What If Nothing Hurts Us More Than Imagination?
by Al Kratz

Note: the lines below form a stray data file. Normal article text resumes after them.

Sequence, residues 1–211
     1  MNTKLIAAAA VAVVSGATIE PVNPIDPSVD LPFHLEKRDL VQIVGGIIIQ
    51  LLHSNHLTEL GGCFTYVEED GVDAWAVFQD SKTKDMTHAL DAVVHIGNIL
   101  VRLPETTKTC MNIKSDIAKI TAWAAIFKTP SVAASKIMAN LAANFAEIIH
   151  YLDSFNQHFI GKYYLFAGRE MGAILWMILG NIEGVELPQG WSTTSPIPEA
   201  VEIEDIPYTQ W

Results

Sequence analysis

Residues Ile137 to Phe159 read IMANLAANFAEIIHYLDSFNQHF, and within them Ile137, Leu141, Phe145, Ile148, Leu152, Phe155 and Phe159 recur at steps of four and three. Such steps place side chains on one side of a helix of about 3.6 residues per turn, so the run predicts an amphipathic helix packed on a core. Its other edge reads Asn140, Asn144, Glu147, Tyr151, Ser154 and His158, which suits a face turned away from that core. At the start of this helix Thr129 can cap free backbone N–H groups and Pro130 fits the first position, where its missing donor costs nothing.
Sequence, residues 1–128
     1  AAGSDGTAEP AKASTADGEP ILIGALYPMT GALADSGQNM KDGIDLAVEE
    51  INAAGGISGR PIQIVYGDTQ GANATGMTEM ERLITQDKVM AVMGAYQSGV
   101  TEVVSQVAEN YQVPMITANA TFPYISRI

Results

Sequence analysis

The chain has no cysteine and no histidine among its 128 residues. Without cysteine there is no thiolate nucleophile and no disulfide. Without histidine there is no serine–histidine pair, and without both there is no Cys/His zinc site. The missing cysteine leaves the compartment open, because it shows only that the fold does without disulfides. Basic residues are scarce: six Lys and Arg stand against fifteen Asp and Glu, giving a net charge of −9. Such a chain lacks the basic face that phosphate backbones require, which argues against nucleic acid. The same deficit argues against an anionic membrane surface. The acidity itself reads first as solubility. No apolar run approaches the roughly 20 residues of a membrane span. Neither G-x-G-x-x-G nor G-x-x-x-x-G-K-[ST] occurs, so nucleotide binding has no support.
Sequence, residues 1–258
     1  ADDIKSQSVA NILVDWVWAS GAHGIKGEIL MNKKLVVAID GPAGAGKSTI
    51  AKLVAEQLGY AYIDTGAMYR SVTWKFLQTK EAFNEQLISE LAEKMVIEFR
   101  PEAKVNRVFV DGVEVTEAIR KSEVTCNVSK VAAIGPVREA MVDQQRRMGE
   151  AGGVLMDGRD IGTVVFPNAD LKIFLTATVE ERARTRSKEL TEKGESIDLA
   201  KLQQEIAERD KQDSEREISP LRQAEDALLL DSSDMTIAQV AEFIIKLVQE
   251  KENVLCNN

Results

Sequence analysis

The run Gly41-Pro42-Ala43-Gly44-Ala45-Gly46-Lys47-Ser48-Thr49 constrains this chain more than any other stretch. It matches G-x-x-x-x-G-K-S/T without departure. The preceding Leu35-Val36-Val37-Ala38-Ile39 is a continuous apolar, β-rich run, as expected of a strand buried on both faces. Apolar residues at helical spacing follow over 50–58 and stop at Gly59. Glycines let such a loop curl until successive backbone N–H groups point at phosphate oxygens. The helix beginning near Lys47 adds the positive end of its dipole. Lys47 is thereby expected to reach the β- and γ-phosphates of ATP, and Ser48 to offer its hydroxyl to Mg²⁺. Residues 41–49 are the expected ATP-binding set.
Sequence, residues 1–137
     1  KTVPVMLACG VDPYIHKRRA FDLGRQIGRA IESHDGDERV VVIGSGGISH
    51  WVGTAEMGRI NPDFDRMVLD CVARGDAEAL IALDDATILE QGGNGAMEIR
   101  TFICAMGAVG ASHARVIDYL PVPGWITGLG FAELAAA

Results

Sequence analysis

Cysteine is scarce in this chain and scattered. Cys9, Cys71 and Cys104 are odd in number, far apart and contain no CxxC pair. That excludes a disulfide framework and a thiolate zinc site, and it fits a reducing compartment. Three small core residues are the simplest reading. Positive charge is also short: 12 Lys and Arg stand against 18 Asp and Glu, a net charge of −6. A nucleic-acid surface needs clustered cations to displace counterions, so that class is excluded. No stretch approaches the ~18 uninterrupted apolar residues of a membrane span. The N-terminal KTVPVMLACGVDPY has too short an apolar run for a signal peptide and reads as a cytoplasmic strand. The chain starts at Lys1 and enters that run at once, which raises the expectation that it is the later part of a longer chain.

I finally went to see the doctor because it was easier than telling My Girl that I hadn’t gone. It was easier than watching the disappointment grow. It was easier than admitting weakness. The ways she could move me were magical, but when the fire alarm sounded, I wished I had held my ground. I could just as easily die in a fire. These things happen all the time. I went to the doctor because My Girl had put her hands on me. She was magical that way too. But now on the ninth floor with a bunch of old people, stairs our only option, I thought, Oh great, are you happy now? You’ll never get to touch me again. And then I thought, Come on, man. This isn’t all about you. Look at these people. What a loss we would be. And as if a wall of smoke had already done its deed, I had trouble breathing from the fifth floor down. She had put her hands on me, and I had asked her to say, O Captain! My Captain! But she just said, Shut up! This is serious! I went to the doctor because My Girl had felt something wrong. Right there in her beautiful hand, she had held a lump, small enough for fingers—my little life and pointless death. Or was it my little death and pointless life? What if it was just her imagination? What if it was the truth? I don’t know. After I opened the fire exit, after I felt alone in the parking lot, I caught my breath. I saw that I wasn’t alone. I saw everything I needed to see. These things happen all the time. The fire might have been a false alarm. I don’t know. I didn’t stick around.